Eating disorders are common in the United States. But they're hard to identify and tough to fix.
"Eating disorders are serious conditions that ... negatively impact your health, emotions and ability to function in important areas of life," said Dr. Asim Shah.
Moreover, "more people die of an eating disorder than of any other psychiatric disorder," Shah added.
He is a professor of psychiatry and behavioral sciences at Baylor College of Medicine in Houston.
It's estimated that 30 million Americans will have an eating disorder -- such as anorexia, bulimia or binge-eating -- at some point in their life.
One of them could be a friend or loved one -- someone who would benefit from your support and understanding, Shah said.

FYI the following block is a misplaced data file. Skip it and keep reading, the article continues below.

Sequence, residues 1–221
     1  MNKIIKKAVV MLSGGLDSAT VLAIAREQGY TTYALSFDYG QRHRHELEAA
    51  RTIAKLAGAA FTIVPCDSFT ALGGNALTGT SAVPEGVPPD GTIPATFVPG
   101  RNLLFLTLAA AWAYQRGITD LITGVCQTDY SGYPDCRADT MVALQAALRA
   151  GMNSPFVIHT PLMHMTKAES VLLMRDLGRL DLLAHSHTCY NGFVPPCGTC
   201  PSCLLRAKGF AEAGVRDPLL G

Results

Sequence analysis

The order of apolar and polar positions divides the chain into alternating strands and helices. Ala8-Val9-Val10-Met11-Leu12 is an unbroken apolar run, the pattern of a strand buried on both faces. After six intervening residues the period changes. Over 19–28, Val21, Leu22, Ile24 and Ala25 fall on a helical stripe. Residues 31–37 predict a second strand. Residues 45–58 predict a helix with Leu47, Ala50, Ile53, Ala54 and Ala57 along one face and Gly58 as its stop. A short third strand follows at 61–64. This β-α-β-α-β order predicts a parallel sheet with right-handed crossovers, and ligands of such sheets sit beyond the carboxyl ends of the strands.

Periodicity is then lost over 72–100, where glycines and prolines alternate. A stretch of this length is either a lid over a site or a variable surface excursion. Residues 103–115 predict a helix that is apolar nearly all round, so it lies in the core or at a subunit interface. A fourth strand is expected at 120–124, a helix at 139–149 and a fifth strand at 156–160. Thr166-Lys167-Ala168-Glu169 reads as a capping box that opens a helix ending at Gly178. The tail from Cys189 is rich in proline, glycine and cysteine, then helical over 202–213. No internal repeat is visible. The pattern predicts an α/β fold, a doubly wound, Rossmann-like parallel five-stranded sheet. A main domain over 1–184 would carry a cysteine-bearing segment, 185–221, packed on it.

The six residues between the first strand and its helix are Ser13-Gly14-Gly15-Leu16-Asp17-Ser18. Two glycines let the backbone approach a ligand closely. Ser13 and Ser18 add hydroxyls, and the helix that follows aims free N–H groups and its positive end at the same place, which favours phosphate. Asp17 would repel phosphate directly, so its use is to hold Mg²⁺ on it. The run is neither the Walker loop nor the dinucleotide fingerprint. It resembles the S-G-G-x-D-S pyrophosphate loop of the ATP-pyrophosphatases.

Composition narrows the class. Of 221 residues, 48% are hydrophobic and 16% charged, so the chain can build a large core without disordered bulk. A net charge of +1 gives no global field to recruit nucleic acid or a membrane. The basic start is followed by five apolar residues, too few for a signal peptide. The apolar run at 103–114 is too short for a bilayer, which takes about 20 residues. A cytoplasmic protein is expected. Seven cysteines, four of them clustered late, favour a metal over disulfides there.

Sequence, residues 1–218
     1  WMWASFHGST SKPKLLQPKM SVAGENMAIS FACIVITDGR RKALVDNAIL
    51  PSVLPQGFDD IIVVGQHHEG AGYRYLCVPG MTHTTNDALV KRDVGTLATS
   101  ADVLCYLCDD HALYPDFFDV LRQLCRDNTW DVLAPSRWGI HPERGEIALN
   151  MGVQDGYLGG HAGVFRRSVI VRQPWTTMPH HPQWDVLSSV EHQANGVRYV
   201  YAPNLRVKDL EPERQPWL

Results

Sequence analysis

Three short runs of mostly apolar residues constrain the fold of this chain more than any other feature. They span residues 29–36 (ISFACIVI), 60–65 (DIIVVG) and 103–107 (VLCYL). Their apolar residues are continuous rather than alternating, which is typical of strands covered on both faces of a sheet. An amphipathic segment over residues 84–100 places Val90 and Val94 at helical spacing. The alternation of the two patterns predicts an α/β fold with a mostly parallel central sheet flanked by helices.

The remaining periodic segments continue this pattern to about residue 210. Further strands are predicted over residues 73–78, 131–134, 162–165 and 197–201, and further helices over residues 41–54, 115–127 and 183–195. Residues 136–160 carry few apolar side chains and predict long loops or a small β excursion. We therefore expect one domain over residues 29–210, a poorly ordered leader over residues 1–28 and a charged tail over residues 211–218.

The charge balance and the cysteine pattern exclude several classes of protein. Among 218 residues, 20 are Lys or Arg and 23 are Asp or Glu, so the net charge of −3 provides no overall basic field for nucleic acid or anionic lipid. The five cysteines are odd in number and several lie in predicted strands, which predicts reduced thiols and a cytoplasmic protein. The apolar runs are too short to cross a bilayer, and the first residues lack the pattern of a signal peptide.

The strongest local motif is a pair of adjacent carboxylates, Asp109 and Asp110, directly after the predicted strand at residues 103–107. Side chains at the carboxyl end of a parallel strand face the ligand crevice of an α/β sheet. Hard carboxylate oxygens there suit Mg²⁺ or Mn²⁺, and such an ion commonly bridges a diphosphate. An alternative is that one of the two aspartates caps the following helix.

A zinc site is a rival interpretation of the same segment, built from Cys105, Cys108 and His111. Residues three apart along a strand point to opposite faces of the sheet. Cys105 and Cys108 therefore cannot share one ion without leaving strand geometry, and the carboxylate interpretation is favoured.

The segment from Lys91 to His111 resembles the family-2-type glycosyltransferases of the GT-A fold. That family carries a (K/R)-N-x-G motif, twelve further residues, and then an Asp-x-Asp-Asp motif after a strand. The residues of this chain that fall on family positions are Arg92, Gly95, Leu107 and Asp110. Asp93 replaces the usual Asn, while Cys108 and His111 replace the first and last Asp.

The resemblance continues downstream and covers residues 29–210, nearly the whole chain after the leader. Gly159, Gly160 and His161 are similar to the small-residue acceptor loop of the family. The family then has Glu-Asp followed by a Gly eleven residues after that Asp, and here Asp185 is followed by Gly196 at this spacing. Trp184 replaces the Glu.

Treatment usually takes time, and those struggling with one of these conditions shouldn't be judged or made to feel guilty, he added.
"One of the most important ways you can help is to offer your support and to act as a listening ear if they want to talk about what they are going through," Shah said. "It is especially important to have the support of friends and family."
What should you look for?
Shah shared the following warning signs:
Does one of these descriptions apply to someone you know? If so, gently suggest that she or he get help from a qualified health-care professional, Shah suggested.
The U.S. National Institute of Mental Health has more about eating disorders.
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